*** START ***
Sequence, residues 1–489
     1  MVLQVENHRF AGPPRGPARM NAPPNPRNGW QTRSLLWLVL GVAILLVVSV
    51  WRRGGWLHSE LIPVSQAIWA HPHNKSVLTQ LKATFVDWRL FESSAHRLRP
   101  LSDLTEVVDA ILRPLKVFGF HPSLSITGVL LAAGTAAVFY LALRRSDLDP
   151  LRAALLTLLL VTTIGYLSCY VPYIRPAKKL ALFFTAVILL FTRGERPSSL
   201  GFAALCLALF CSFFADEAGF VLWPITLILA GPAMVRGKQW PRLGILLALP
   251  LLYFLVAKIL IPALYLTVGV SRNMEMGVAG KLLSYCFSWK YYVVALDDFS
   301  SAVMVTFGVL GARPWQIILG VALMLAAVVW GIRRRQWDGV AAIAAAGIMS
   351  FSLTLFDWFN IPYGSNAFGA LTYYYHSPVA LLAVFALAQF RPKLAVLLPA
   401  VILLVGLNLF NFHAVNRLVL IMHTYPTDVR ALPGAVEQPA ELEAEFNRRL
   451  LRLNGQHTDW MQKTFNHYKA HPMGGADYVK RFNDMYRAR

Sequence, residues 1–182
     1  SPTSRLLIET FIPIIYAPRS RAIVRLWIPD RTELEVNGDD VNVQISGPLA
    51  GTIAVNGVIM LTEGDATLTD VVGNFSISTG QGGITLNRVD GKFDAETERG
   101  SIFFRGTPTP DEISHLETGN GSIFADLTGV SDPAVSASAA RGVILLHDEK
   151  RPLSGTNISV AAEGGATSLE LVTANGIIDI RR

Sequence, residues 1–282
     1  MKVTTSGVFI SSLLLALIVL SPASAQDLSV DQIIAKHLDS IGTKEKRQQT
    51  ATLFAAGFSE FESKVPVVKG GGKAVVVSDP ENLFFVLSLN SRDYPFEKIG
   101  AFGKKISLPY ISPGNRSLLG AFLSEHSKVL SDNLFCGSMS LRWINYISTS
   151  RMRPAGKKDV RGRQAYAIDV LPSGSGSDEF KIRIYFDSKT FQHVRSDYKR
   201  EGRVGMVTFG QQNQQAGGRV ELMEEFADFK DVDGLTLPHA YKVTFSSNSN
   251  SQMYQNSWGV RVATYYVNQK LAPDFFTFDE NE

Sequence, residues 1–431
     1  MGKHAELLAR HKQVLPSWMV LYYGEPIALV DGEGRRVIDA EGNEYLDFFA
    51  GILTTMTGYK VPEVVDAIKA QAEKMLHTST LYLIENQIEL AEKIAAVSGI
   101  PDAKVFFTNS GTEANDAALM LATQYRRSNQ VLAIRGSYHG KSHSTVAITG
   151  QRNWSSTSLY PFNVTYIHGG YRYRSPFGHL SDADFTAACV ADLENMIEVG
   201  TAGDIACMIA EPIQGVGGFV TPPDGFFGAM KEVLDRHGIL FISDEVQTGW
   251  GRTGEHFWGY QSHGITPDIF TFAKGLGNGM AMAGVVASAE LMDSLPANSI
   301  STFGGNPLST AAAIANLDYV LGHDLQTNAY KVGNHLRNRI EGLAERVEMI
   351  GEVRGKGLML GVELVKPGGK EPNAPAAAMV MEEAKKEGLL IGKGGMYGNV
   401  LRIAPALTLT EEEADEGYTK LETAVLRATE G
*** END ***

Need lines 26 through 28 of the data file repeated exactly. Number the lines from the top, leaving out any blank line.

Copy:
    51  GILTTMTGYK VPEVVDAIKA QAEKMLHTST LYLIENQIEL AEKIAAVSGI
   101  PDAKVFFTNS GTEANDAALM LATQYRRSNQ VLAIRGSYHG KSHSTVAITG
   151  QRNWSSTSLY PFNVTYIHGG YRYRSPFGHL SDADFTAACV ADLENMIEVG